- Rhode Island – HealthSource RI, the state’s official health insurance marketplace, released the latest data from its most recent OEP. Individual and family enrollments increased this year, with nearly 43 percent of new 2020 customers being “young invincibles” age 18 to 34, up from 29 percent in HealthSource RI’s renewing population. Customers also took advantage of new customer service tools, including a new webchat service and a search tool that lists which prescription medications are covered by each health insurance plan.
New SHVS Webinar: Medicaid’s Role in Maternal Mortality
Wednesday, March 11, 2020, 3:00 to 4:00 p.m. ET
The United States is the only developed country where the maternal mortality rate has been steadily rising. Black and American Indian/Alaska Native women in the United States are 3.3 and 2.5 times, respectively, more likely to die from pregnancy-related causes than non-Hispanic white women. Medicaid has a crucial role to play in developing solutions: nearly half of all U.S. births are financed by Medicaid. On March 11, SHVS will host a webinar in which experts from Manatt Health will explore Medicaid strategies to improve maternal health outcomes and address disparities in five key domains: coverage, enrollment, benefits, models of care, and quality improvement.
Registration (required) at the following link: https://rwjfevents.webex.com/rwjfevents/onstage/g.php?MTID=e1165d3695d1bc962035f056ccff7c7e2
Risks and Challenges of Adopting a State-Based Marketplace
The Center on Budget and Policy Priorities published a report that highlights the risk and challenges states face in creating a state-based marketplace. The report encourages states to weigh the decision of whether to move to an SBM within the framework of their larger plan to increase coverage and evaluate the benefits and costs of the SBM model. To help states evaluate whether an SBM is the right fit for them, the report lays out seven recommendations for states to consider, including matching the federal facilitated marketplace’s user experience in the move to an SBM.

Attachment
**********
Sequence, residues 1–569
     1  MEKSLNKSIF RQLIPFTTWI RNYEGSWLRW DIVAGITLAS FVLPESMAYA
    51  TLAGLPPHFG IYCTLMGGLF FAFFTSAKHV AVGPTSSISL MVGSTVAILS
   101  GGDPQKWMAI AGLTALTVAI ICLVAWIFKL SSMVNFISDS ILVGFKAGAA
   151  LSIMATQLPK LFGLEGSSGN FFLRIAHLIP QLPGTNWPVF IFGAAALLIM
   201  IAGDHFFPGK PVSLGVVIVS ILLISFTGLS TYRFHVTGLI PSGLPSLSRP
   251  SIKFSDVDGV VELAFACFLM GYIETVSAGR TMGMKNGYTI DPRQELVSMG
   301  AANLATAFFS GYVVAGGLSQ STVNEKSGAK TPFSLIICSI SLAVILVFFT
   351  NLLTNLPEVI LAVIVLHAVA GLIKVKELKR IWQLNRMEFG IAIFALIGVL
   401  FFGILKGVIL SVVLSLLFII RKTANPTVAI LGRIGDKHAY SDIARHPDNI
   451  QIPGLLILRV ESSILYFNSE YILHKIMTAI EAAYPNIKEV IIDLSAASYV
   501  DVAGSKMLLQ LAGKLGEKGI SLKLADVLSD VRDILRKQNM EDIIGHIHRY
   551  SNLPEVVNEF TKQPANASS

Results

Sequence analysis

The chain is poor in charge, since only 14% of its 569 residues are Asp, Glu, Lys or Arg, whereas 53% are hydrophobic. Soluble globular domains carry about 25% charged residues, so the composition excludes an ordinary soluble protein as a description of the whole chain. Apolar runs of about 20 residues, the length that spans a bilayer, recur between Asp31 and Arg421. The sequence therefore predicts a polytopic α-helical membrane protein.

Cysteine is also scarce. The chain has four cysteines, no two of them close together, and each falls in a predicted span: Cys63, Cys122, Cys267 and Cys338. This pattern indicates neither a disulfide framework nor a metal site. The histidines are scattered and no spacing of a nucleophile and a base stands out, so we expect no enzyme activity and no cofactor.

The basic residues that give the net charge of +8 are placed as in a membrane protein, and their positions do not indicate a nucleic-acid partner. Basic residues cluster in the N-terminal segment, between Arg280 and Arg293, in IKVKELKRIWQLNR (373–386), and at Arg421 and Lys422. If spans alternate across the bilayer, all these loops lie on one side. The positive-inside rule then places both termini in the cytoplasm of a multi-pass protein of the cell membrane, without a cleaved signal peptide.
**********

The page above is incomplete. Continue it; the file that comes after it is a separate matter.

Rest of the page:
Effective Partnerships between Physical and Behavioral Health Organizations in Medicaid
The Center for Health Care Strategies (CHCS) released a new issue brief that identifies the key elements that contribute to successful partnerships between physical and behavioral health plans and providers to support integrated care in Medicaid. The issue brief synthesizes insights from leaders representing partnerships in Arizona, Arkansas, Colorado, and Oregon. The key elements identified by CHCS include (1) employing joint-ownership models representing both physical and behavioral health; (2) ensuring stable system transitions for consumers and providers; (3) marrying the expertise of physical and behavioral health partners to create new and enhanced capacities; and (4) allowing adequate time for planning and implementation.
Rural Hospital Closures
The Chartis Center for Rural Health published a report that examines rural hospital closures and details a model developed by the Center that estimates rural hospital vulnerability. Since 2010, 120 rural health facilities across the nation have closed and calendar year 2019 was the single worst year of the closure crisis with 19 rural hospitals shutting their doors. The Center’s analysis of a series of financial and operational metrics for closed hospitals revealed a rapid decline in performance in the 12 months prior to closure and they have used those findings to develop a model to identify the probability of closure for the nation’s 1,844 open rural hospitals.